Vancouver
3 min

Never forget Trudeau and 1969

Remembering Bill C-150

 If you were a homo-Canadian in 1964 you probably would have snapped up a copy of Jane Rule’s Desert of the Heart, the first literary novel featuring lesbians.

 
You might have been a member of Vancouver’s first homophile group, The Association for Social Knowledge (ASK). It would have been an exciting time to be gay. And a dangerous time.
 
You would probably have been closeted to your friends and co-workers. Closeted to your doctor, dentist and accountant. You’d pretend to be straight to your butcher, corner grocer, the guy who pumps your gas, your vet, letter carrier, pharmacist and milkman. You’d lie about your life to your sister, brother, mother, father, aunts, uncles and cousins. You’d not be out to your neighbours. You’d be lying to your landlord and boss.
 
In 1964 you could be fired from your job, kicked out of your home and disowned from your family for being gay.
 
Gay sex was an offense in the Criminal Code. Not only could you toss yourself into jobless, homeless exile for coming out; you could land yourself in jail. 
 
The shit really hit the fan in 1967 when Everett George Klippert was sentenced to life in prison as a dangerous sexual offender because he admitted to having sex with men and doubted he’d ever change.
 
Klippert’s sentence set a terrible precedent that sent shockwaves across the country. The decision meant that any gay man or lesbian could go to prison for life just for being queer. Closet doors across the nation slammed shut simultaneously. The racket was deafening. 
 
Klippert’s MP, federal Liberal Bud Orange, went to bat for him and soon the minister of justice, Pierre Elliott Trudeau, was alerted to the case and changed the course of homo history.
 
Trudeau drafted the bill that would become C-150 and introduced it in the legislature. The omnibus bill proposed 120 amendments to the Criminal Code, including decriminalizing gay sex, abortion and contraception.
 
Bombarded by media questions, Trudeau uttered his famous quote, “there’s no place for the state in the bedrooms of the nation,” adding, “what’s done in private between adults doesn’t concern the Criminal Code.” 
 
There were some problems with the bill — the age of consent for anal sex was 21, while for vaginal sex it was 16. To be granted an abortion, a woman had to prove that her health was at stake.
 
Despite fierce opposition to the bill, NDP leader Tommy Douglas supported it. “If ever we needed in this country to adopt a new attitude towards homosexuality, this is the time,” he said.
 
On May 14, 1969, the House of Commons passed Bill C-150; it was an important step in the gay community’s emergence in Canada. The bill wasn’t quite right, but for gays and lesbians in the 1960s it was a huge victory.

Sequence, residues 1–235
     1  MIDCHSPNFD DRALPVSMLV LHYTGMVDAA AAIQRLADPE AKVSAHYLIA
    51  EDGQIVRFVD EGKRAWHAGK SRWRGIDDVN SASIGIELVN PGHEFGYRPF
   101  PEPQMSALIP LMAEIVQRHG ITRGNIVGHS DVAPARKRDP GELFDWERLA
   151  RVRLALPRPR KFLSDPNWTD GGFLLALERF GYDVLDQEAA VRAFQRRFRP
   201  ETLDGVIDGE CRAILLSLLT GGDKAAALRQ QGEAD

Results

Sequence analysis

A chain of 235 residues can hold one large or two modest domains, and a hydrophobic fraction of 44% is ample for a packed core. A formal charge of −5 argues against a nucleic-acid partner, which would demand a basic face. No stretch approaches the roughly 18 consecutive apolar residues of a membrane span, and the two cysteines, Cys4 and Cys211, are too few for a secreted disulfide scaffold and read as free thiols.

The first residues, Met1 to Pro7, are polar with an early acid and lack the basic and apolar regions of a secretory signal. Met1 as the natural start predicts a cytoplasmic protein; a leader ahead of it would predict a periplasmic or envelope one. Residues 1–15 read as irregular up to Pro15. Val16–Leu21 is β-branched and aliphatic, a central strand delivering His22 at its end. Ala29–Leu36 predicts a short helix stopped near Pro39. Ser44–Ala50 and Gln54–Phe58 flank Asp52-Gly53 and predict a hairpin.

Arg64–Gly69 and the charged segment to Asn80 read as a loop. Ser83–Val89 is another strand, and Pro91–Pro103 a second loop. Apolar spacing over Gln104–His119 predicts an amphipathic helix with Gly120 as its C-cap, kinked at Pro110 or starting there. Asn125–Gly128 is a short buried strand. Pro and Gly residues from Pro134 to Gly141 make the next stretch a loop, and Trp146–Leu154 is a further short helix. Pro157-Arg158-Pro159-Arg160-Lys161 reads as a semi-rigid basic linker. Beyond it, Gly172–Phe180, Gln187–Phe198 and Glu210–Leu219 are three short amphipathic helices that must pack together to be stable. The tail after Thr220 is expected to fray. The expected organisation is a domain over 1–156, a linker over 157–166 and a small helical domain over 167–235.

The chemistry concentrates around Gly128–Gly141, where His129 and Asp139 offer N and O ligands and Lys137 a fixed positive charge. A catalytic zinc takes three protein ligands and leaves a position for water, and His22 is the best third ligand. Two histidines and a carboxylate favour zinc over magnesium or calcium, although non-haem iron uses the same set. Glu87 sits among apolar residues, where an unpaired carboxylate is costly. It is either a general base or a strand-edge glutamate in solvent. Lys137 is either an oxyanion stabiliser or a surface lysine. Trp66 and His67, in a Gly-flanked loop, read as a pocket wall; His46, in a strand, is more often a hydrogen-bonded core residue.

Gay men and lesbians could actually start contemplating the notion of having a viable community, of gathering together legally, of coming out (one day) to family and friends.
 
They could start imagining a world in which they were equal. 
 
Throughout the 1980s, ’90s and into the 21st century, queers have known how important it’s been to identify as gay, lesbian, bisexual, transgendered or queer, to call oneself a dyke, a fag, a homo, an MTF, or FTM. Earlier queers fought long and hard for the right. Some went to jail for it, others died.
 
And yet today there are still people in the closet. There are actors who fear they’ll not get the good parts, singers who fear they’ll not succeed, politicians who fear they’ll not win the vote.
 
There are queer youth who reject words like homo, gay, lesbian, queer. 
 
It’s important for us to remember how only 40 years ago the world was radically different.
 
It’s important for celebrities (I’m dying to name a few who are closeted, but can’t) to be brave and come out. To be role models, to show the world we are everywhere (even in Hollywood).
 
Since the end of World War II, the Jewish community has sworn to never forget the Holocaust, because forgetting allows history to repeat itself.
 
In the 1930s Berlin had a thriving gay community. Gay men, lesbians, bisexuals and transfolks in 1930s Germany would have laughed if you’d told them their clubs were about to be shut down, they were about to be rounded up, thrown in concentration camps and murdered.
 
Denmark decriminalized homosexuality in 1930. Poland did so in 1932, followed by Uruguay in 1934, Iceland in 1940, Switzerland in 1942, Sweden in 1944, Greece in 1951 and Thailand in 1956.
 
In 1961, Czechoslovakia and Hungary decriminalized sodomy, as did Israel in 1963.
 
England and Wales implemented the Wolfenden Report and passed the Sexual Offences Act in 1967, which decriminalized male homosexual behavior. Chad decriminalized homosexuality the same year.
 
It took Canada until 1969.
 
And we’ve only had the right to marry since 2005.
 
To protect our freedom and honour our forbearers, the queer community must never forget Pierre Elliott Trudeau and 1969.